Finally, it should be noted that installing low-flow aerators, showerheads, tank banks and other water-saving devices usually is a very simple operation which can be done by the homeowner and does not even require the use of tools. Water conservation at home is one of the easiest measures to put in place, and saving water should become part of everyday family practice.
You can find the whole article at: http://eartheasy.com/live_water_saving.htm
Eartheasy includes an online store, and many of their articles will direct you to different products available onsite. As with anything, take this information as you will. If you are looking to patronize local businesses that are as concerned with sustainability, check out the Do it Green! Directory.
If you’re looking for some environmental legislation to get behind this session, there are two bills you should definitely be following.
First, I suggest checking out this article from the House Public Information office for a good overview of some Urban Agriculture bills in both House and Senate, and their potential impact on racism, poverty, and, of course, the Earth.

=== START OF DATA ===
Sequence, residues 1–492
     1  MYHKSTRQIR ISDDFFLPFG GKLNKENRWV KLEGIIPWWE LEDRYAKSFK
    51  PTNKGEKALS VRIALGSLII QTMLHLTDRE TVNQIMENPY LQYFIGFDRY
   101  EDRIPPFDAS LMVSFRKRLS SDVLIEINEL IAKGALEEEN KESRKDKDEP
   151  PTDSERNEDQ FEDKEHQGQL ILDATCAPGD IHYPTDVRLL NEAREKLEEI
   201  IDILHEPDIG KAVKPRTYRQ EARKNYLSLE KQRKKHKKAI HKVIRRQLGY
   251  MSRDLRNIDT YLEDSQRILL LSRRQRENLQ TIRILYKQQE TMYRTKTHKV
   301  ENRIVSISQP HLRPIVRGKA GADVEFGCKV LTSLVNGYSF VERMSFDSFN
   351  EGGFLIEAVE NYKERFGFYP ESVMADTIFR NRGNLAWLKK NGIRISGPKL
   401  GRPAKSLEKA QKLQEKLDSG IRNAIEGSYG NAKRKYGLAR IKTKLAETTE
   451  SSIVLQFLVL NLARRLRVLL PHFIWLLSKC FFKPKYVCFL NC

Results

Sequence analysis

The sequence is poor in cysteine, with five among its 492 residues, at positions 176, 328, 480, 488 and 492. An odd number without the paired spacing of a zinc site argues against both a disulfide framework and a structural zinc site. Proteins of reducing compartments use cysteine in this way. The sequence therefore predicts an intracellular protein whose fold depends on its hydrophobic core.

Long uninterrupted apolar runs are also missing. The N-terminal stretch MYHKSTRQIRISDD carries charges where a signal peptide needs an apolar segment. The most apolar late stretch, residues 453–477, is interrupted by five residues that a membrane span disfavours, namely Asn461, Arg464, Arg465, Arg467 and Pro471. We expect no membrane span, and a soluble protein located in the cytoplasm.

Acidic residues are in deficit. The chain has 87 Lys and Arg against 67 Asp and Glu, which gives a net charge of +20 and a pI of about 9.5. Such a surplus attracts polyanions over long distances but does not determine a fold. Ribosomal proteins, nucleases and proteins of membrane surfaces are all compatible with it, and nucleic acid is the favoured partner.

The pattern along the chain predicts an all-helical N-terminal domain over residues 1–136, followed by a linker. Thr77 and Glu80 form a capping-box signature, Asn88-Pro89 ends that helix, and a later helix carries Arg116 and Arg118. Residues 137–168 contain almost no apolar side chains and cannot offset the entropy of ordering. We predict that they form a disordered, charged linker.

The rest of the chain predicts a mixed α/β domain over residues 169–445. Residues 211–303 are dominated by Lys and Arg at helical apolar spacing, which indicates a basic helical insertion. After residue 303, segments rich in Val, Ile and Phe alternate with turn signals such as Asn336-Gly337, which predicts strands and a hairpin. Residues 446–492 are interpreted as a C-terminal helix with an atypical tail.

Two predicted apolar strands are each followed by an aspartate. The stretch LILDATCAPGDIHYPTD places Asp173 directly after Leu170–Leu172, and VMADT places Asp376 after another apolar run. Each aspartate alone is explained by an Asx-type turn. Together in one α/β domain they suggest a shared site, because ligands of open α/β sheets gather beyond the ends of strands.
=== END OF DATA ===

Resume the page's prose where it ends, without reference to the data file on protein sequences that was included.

There are several bills on Urban Ag, several of which are included in the linked article.
HF0153 is another Urban Ag bill to look out for, and its information can be found here. It is currently in the Ag Finance committee. That, and bill HF3300 (the Pollinator bill) were suggested to me by Jennifer Tacheney of Celeste’s Dream – so be sure to check them out!
I’ll be posting updates on where the bills are at next week, but if you want to find out more right now, contact the House Agriculture Finance committee. Ask if they have any information on the Urban Ag bill’s progress by calling Committee Legislative Assistant: Nick Lunneborg 651-296-5998
The Pollinator bill – HF3300 – was last heard by the House Agriculture Policy committee. You can get in touch with them through Committee Legislative Assistant Tyler Webster: 651-296-7881
If you’re interested in contacting the House in regards to the status of these or any other bills, the House Index office is responsible for recording all official House action on legislation, and can give you an update on where bills are in the legislative process of the House. Contact them at: 651-296-2314
Whether you read this whole article (congrats) or simply skimmed through it, thank you for taking the time to learn a little bit more about what you can do to help the Earth! I’ll be back next week with another (shorter) update!
Written by Elea Ingman, SJW
Justice Office Program Assistant